Dear Members of the DLF Community,
The Digital Preservation Outreach and Education Network is pleased to
announce that applications for an upcoming free workshop are now open. You
can submit your application here: https://airtable.com/shrinSn6Np7uXah8O.
OPERATIONS AND SYSTEMS MANAGEMENT FOR CULTURAL HERITAGE PROFESSIONALS
This workshop will be held via Zoom on September 28 & 29, 2022 from 1:00
PM-3:00 PM Eastern time.
This workshop is tuition-free thanks to generous support from the Mellon
Foundation. The deadline to complete and submit this application
is September 16, 2022. Successful applicants will be notified by September
As cultural heritage practitioners, we perform a variety of tasks to
document, manage, and preserve cultural heritage materials. Some of these
tasks necessitate hands-on piecemeal work with physical and digital
collections materials, whereas others may be managed by an ecosystem of
software tools, such as databases, project management software, and
collection management and digital preservation systems. One frame of
reference we can use to characterize the latter is operations and systems
management. In this workshop, participants will learn how to identify
opportunities to operationalize cultural heritage work, tools that can
support operations and systems management, and how to engage in thoughtful
action and collaboration with colleagues to meet institutional needs.
Day One (2 hours)
We will start by defining what operations and systems management is,
especially in terms of how it has been historically applied within and
throughout the manufacturing and service industries. With this definition
in mind, we will turn our eye to the cultural heritage sector, and ask,
what does operations and systems management look like in terms of archival
and digital preservation work? We will provide concrete examples here of
tools, methodologies and approaches we have taken in our own work at two
major collecting institutions.
After a break, we will pose a question: is there a way to perform
operations management in a way that centers and honors the worker, the
creator whose works the institution is stewarding, and our communities
at-large? We will also provide concrete examples here of what certain
institutions (or individuals/teams at institutions) are doing in the field
to accomplish this.
Day Two (2 hours)
Day 2 will be an interactive, skill-building opportunity for new
professionals to gain experience planning, implementing, and maintaining
systems in archives. Over the course of the workshop, participants will be
guided through playing a role-playing game (RPG) in which they are tasked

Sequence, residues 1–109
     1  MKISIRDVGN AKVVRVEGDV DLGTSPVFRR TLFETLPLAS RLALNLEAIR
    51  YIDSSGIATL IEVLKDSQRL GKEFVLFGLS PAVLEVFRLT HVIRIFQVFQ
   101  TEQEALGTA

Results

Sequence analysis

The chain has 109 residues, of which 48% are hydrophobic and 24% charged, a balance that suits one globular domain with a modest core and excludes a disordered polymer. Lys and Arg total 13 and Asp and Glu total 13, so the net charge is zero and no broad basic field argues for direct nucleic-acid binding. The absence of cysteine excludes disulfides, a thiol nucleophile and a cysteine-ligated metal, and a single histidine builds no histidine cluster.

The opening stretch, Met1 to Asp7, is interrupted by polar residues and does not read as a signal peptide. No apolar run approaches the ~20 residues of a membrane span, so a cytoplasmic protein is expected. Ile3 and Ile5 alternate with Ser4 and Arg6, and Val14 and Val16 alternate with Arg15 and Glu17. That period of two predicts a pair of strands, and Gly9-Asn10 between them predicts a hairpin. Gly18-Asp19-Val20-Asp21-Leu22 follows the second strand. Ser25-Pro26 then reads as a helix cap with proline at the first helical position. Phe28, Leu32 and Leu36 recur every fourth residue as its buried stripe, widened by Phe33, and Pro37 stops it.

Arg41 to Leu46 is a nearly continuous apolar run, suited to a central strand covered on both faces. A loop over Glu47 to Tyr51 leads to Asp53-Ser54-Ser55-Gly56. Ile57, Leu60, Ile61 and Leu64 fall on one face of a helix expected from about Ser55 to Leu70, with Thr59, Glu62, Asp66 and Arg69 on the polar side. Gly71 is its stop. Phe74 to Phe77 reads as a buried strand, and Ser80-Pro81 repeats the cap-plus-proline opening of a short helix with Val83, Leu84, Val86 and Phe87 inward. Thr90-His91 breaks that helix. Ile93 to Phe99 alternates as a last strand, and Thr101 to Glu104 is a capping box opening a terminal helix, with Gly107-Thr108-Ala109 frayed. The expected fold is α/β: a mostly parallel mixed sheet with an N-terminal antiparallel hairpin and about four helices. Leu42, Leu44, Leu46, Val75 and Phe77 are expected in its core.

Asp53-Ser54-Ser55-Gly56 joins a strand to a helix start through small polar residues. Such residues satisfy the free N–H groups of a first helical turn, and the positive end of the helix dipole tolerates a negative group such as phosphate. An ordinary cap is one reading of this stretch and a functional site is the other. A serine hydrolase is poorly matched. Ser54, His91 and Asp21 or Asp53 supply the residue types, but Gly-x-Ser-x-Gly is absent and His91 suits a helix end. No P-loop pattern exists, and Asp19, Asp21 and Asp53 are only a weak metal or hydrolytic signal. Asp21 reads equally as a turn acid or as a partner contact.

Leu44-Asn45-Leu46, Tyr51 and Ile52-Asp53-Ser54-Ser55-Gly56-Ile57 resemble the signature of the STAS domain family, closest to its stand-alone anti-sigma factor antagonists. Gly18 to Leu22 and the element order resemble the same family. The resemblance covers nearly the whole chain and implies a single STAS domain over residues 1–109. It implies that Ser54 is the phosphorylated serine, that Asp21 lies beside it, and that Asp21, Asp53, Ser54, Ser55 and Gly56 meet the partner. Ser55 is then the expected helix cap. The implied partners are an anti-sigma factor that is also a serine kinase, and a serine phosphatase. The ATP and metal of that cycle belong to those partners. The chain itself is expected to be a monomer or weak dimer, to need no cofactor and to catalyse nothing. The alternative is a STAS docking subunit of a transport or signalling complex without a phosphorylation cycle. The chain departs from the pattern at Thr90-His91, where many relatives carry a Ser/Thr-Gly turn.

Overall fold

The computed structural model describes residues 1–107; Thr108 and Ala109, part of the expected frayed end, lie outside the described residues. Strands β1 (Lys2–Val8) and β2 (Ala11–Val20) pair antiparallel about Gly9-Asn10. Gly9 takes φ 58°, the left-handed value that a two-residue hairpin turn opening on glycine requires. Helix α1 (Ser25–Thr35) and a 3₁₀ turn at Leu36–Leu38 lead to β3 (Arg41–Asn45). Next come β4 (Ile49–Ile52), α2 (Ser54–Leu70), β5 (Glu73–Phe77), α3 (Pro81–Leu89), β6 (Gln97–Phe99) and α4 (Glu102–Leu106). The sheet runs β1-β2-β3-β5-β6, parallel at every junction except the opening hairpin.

with implementing a brand-new system or initiative. Through the rolling of
di, participants will build up their character’s characteristics, and be
led on a journey by workshop facilitators where they will encounter certain
challenges and opportunities. They must use what they have learned on Day 1
(or invent new strategies) to navigate through to the end of a fictional
project. The day will end with a facilitated discussion about each
participant’s experiences, and what they may have learned along the way.
Participants will learn how to articulate problems/challenges relating to
digital preservation operations and map a user’s journey re: cultural
Participants will learn how to write communication plans, system
requirements, and implementation plans
Participants will gain a better understanding of the shadow administrative
infrastructures that underlie processing and descriptive work
Participants will be:
introduced to systems that support operations, broadly, such as databases,
spreadsheets, and common applications/software
Introduced to systems “ecosystems” (clusters/chains of solutions)
Understand what skills may be required to support, advocate for, and
Recognize red flags that may make certain efforts or projects hard to
implement or maintain
Dinah Handel is the Digitization Service Manager at Stanford Libraries,
where she supports digitization services and digital access to collections.
Previously, she was the Mass Digitization Coordinator at the New York
Public Library and was a NDSR-NY resident at CUNY TV. She holds an MLIS
from Pratt Institute in New York, and a BA from Hampshire College.
Mary Kidd currently works as the Systems and Operations Manager in the
Preservation Department at the New York Public Library. She leads a team
developing systems-based tools to streamline special collections operations
and reporting. Previously, she worked as Project Lead for the Andrew W.
Mellon-funded project Preserve This Podcast, and was a National Digital
Stewardship Resident at the New York Public Radio Archives. She lives and
works in Brooklyn, NY.
For more information on the workshop and DPOE-N, please visit our website:
For any questions, send an email to Natalie Baur, Program Director,
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*Natalie Baur* | Program Director for DPOE-N
School of Information
144 West 14th Street | Manhattan 6 | New York, NY 10011-7301
phone: 212.647.7682 | fax: 212.367.2492 | [log in to unmask]